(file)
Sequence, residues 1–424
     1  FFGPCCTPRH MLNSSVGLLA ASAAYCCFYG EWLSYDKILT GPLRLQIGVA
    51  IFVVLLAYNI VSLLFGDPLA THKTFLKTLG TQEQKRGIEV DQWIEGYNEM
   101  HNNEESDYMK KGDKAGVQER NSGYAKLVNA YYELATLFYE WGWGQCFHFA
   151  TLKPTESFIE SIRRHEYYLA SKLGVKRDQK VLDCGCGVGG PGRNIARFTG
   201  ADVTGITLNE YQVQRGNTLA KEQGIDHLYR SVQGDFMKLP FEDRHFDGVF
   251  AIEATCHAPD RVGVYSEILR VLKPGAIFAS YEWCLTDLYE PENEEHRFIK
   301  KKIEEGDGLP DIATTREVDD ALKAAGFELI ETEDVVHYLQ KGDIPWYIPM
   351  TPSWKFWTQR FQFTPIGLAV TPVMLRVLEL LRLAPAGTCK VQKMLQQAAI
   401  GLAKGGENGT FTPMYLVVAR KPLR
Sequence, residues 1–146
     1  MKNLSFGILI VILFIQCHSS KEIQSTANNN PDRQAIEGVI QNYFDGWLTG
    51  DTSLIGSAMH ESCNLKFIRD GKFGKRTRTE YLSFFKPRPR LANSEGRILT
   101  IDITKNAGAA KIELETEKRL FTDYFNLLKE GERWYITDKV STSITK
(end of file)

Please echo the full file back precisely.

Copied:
Sequence, residues 1–424
     1  FFGPCCTPRH MLNSSVGLLA ASAAYCCFYG EWLSYDKILT GPLRLQIGVA
    51  IFVVLLAYNI VSLLFGDPLA THKTFLKTLG TQEQKRGIEV DQWIEGYNEM
   101  HNNEESDYMK KGDKAGVQER NSGYAKLVNA YYELATLFYE WGWGQCFHFA
   151  TLKPTESFIE SIRRHEYYLA SKLGVKRDQK VLDCGCGVGG PGRNIARFTG
   201  ADVTGITLNE YQVQRGNTLA KEQGIDHLYR SVQGDFMKLP FEDRHFDGVF
   251  AIEATCHAPD RVGVYSEILR VLKPGAIFAS YEWCLTDLYE PENEEHRFIK
   301  KKIEEGDGLP DIATTREVDD ALKAAGFELI ETEDVVHYLQ KGDIPWYIPM
   351  TPSWKFWTQR FQFTPIGLAV TPVMLRVLEL LRLAPAGTCK VQKMLQQAAI
   401  GLAKGGENGT FTPMYLVVAR KPLR
Sequence, residues 1–146
     1  MKNLSFGILI VILFIQCHSS KEIQSTANNN PDRQAIEGVI QNYFDGWLTG
    51  DTSLIGSAMH ESCNLKFIRD GKFGKRTRTE YLSFFKPRPR LANSEGRILT
   101  IDITKNAGAA KIELETEKRL FTDYFNLLKE GERWYITDKV STSITK